ADVERTISEMENT

**Adblocker Detected**

We always struggled to serve you with the best online calculations, thus, there's a humble request to either disable the AD blocker or go with premium plans to use the AD-Free version for calculators.

Disable your Adblocker and refresh your web page 😊

ADVERTISEMENT

**Table of Content**

The magnification calculator allows you to calculate the magnification by just adding the distance of the object from the lens and the distance upon which the image is formed from the lens.

Just add the values and get the result instantly.

It is the process of lens refraction that reflects an image onto the surface and is referred to as the ratio of the distance from the image to the actual distance of the object.

In simple words, this is the process of making something look bigger and closer to the eyes. For instance, if you use a magnifying glass to look at the leaf then it zooms the leaf and lets you have a closer look at the details of the leaf.

The main ability of a telescope is that it makes it possible to see distant objects clearly. The magnification power of a telescope is observed by the focal length of the telescope and the focal length of the eye’s piece.

Let’s take a look at the following equation for calculating magnification:

**The formula for Magnification = M = Telescope Focal Length / Eyepiece Focal Length**

**M = H / G**

**M = (d / 2 – r) / (d / 2 + r)**

Here **“r”** represents the square root of the following equation:

**r = SQRT( ((d)^2 / 4) x (f x d))**

Where

**M**represents magnification.**H**shows the formed image distance from the lens.**G**is the actual distance of the object from the lens.

Whenever you are taking a photo, you will probably not know the values of h and g. But you will surely know the focal length and the distance between you and the body or object. If you know both of these values then you can easily find out the magnification of the lens correctly.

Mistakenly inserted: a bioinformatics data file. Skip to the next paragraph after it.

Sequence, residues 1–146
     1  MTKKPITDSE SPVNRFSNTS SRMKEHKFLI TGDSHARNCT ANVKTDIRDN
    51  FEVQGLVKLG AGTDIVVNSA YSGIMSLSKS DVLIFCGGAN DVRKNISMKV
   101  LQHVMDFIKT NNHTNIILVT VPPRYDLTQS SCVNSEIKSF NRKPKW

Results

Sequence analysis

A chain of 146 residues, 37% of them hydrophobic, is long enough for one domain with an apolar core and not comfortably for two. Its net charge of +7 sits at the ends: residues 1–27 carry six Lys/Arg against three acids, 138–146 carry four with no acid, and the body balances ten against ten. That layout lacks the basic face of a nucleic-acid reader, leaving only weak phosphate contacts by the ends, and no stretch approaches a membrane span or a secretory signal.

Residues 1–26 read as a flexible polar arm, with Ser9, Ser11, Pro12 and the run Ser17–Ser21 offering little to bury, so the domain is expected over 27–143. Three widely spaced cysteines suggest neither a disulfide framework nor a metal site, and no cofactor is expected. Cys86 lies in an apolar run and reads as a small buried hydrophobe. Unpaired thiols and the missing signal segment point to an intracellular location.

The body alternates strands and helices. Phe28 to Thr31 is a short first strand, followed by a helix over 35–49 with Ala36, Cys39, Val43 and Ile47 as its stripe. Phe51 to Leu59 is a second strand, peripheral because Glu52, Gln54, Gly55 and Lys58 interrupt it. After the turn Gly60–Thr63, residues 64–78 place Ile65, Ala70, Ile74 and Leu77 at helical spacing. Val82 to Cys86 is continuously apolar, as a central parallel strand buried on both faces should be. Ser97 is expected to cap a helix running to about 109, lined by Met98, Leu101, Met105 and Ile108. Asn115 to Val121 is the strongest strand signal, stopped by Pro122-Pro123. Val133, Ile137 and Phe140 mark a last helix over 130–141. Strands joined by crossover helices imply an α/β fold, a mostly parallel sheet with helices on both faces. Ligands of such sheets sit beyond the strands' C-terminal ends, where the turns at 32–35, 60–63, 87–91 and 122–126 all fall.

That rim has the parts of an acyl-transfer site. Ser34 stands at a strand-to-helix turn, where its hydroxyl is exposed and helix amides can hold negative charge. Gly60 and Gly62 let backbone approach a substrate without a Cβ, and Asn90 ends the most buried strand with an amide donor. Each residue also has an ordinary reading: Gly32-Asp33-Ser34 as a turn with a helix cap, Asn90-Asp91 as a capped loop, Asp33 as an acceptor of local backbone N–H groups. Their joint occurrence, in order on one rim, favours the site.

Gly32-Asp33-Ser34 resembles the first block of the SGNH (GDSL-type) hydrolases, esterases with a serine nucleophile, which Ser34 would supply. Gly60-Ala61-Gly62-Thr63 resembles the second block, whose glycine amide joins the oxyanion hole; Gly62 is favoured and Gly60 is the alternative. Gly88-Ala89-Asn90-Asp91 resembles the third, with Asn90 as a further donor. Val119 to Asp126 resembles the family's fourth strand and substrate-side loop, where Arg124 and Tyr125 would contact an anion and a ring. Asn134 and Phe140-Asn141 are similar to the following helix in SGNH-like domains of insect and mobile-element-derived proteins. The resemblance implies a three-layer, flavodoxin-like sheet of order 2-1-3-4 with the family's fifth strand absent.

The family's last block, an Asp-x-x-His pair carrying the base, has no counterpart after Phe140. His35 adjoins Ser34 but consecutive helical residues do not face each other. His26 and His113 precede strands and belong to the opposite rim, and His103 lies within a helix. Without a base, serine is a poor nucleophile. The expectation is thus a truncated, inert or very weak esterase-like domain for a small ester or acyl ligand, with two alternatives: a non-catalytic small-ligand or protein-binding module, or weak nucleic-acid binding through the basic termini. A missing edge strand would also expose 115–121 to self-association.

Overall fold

Instead of using the above-mentioned magnification formula, just add these two values in the designated field of our online magnification calculator and get the results instantly. It saves you from performing long calculations.

Go through the following steps to get the magnification:

- First you need to calculate the object distance from the lens using a distance measuring device.
- After that determine the formed image distance from the lens.
- Now add the values in the above-mentioned equation for magnification.

Keep in mind that each telescope has a magnification limit. If you start going beyond that limit then instead of becoming clear, the image starts to become blurred. Meanwhile, you will start facing blurriness and optical aberrations.

Our online calculator requires you to provide a couple of inputs to get accurate results instantly. Let’s take a look!

**Inputs:**

- Add the values of
**“Focus distance”**and**“Focal distance”**in the designated fields. - From the drop-down menu, select the appropriate measurement units.
- Now, tap on the “calculate” button to proceed with the calculation.

**Output:**

- Correct magnification.
- Object & Sensor Distance.

When the magnification is greater than one, it means an enlarged image will be shown but if the value of the magnification is lower than one then it shows a diminished image. When it’s completely zero then it means no image is formed.

When the size of the formed image is equal to the size of the actual size of the object then the magnification is 1.

Vision less than 20 / 200 is typically considered legally blind.

Longer focal length means more narrow-angle of view and high magnification. On the other hand, the smaller focal length means a wide angle of view and low magnification.

Whenever you see magnification +2 then it means the case of an enlarged image. The image that Is formed by the convex lens is erect and virtual and is larger than the actual body or object.

From the source of toppr.com: Introduction to Magnification, What is Magnification? – Definition.

From the source of Wikipedia: Magnification.